Facebook Has Ruined Love (or At Least Fucked It Up a Lot)

Before Facebook, the world was a loving, transparent place where a guy could chat up a pretty girl at a coffee shop without her escaping into her smart phone, where all relationship statuses were 100% clear and followed predictable hierarchies of commitment, where people were always authentically themselves and no one had any trouble meeting someone new, where everyone destroyed all photos of their exes upon breakup.

But when the Great Winds of Zuckerfish blew through the lands, something mysterious happened. People simultaneously began communicating more, and yet, loving so much less. Where did the wrong turn come?

According to a debate over at the New York Times, which boldly asks, "Has Facebook Ruined Love?" there are a few possible explanations as to the how and why. In seven mini responses to the question, we learn a myriad of ways in which Facebook — which, P.S., is now a term that doubles for all online interaction, like the Kleenex of social media — has either cut the water supply on what used to be a free-flowing faucet of fancying, or acted as a veritable rain shower head on the tightly wound shoulders of love.

Argument #1: Facebook is a hot cock-blocker. OK, so the author uses the term "romance contraceptive," but contraceptives prevent disease, not sex. Either way, his take on Facebook's stop-gap power is that, basically, you could be talking to a cute girl at Starbucks but instead you're checking in on what your friends are doing. Sorry, dating coach, we've heard this solid advice before in the Young MC song "Bust A Move," which advised, "Don't just stand there/Bust a move."

But perhaps today's timidity is justified. What this author neglects to consider is that social media is a kind of first-round approval system for potential mates. Sure, people still like meeting in the old-fashioned way — shit-faced in bars with no prior knowledge — only now there's this super convenient, entire compendium of people in one online over-share-y place that you can browse in complete privacy. The person next to you in Starbucks could be a complete hosebeast who likes Dave Matthews and not reading books. I pity the poor fools (ahem, me) who once had to spend actual time talking to people to discover such atrocities.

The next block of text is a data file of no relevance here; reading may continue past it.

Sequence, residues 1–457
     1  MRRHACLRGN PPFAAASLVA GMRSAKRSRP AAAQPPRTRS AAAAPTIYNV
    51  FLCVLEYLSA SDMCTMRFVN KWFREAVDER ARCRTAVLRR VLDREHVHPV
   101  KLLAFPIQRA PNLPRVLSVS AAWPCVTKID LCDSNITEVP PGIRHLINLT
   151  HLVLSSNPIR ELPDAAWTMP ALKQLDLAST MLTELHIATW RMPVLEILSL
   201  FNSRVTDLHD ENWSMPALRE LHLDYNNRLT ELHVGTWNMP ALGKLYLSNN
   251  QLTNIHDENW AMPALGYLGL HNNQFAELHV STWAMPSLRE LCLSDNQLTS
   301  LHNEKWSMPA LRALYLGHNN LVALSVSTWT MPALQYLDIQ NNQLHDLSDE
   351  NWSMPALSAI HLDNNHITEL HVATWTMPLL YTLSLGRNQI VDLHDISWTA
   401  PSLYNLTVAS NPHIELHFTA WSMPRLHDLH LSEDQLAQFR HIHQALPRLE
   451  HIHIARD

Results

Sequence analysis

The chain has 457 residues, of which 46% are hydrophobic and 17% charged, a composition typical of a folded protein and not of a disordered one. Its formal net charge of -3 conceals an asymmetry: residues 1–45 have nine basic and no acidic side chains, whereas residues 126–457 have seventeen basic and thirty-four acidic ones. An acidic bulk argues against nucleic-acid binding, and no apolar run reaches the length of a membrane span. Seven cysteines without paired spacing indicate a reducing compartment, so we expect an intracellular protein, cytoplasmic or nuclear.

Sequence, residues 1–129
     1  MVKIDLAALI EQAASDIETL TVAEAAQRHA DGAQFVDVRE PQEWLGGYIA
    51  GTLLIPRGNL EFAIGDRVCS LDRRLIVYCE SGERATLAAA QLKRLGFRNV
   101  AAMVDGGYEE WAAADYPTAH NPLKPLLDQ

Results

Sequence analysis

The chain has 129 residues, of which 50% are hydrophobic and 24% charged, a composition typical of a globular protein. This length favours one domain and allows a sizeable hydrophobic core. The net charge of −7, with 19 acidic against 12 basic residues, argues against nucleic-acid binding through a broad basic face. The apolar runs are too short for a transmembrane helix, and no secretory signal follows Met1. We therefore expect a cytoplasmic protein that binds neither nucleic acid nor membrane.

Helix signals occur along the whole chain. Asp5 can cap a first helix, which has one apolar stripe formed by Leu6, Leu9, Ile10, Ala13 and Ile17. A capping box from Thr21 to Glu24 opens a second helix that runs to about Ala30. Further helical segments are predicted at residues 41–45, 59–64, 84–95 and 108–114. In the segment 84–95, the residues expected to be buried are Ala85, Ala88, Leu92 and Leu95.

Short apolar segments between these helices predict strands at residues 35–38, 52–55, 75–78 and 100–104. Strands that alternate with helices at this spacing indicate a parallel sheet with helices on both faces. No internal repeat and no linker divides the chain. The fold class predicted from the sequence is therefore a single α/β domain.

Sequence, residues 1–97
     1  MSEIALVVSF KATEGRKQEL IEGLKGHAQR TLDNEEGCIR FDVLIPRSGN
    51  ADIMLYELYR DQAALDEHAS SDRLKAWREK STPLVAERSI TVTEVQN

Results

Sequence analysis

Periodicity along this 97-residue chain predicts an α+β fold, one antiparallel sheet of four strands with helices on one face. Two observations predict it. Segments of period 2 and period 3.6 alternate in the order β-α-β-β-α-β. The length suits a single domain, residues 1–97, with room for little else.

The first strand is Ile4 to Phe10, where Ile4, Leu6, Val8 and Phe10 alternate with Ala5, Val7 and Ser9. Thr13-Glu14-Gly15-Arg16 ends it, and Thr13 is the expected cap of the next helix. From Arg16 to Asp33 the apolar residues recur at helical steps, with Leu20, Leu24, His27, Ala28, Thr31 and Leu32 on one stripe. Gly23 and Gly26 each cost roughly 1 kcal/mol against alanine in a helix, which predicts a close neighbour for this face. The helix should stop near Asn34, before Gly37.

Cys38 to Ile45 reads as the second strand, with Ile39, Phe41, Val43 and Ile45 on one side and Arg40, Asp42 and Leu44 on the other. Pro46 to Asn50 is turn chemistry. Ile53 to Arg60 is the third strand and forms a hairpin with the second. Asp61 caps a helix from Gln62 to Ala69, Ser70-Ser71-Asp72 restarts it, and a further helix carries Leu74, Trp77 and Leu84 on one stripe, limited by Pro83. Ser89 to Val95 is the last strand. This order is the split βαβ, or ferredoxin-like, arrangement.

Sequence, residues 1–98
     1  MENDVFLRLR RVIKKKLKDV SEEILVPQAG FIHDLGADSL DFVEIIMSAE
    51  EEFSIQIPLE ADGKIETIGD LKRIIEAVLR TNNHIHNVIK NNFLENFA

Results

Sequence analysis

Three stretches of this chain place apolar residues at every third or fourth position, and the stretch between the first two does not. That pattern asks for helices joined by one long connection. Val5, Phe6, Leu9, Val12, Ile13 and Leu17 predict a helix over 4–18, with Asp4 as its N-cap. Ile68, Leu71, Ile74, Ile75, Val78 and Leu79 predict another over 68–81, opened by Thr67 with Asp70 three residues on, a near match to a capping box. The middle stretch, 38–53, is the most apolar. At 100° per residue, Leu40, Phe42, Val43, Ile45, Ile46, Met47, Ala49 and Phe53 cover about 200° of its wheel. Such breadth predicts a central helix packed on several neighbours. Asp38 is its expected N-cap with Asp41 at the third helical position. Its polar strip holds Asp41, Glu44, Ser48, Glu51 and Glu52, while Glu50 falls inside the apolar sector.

Argument #2: Facebook actually clarifies commitment levels. This argument is perhaps the only interesting one in the bunch. Given the dearth of "widely accepted conventions of courtship" — class rings, letterman jackets, uniquely identifiable patterns of hickeys — people may actually take seriously the relationship status designations on Facebook, and furthermore, it may reveal something about the solidity of the commitment in question.

…my colleagues and I found that people who post a "Single" relationship status on Facebook have more sexual partners between relationships than those who opt out of posting "Single" on their profile. We also found that people who disclose that they are "In a Relationship" on Facebook also report being more committed to that relationship. Even among married people, we found that those whose primary Facebook photos include their spouses are less likely to split up 6 months later.

So it's actually what most of us suspected all along: People who stubbornly insist on keeping the single status highly visible are kinda whorish, and anyone who doesn't want to update their status to "In a relationship" after you've been boning for more than three weeks just isn't that into you. But, of course, the bigger take away is that public declarations have a bit more heft, and that for all its supposed derailing of love, Facebook offers a public space for couples to make known what may no longer be so obvious in person. Legitimacy!

Argument #3: The mystery of romance isn't gone, it's just carefully edited. True words. As I've said many a time, us humans are all well-intentioned liars, and social network profiles are no different. It's all low-carb happy times on Facebook, and Facebook and Twitter are great vehicles for perfecting a witty, interesting persona that may or may not hold up to fluorescent light. However, where I part ways with this author is when she insists that Facebook/social media is fine for flirting, but "has no place in romance and relationships. Especially not publically. Your romantic Facebook messages about how you and your beloved are ‘soul mates' are making your friends want to jab their eyes out."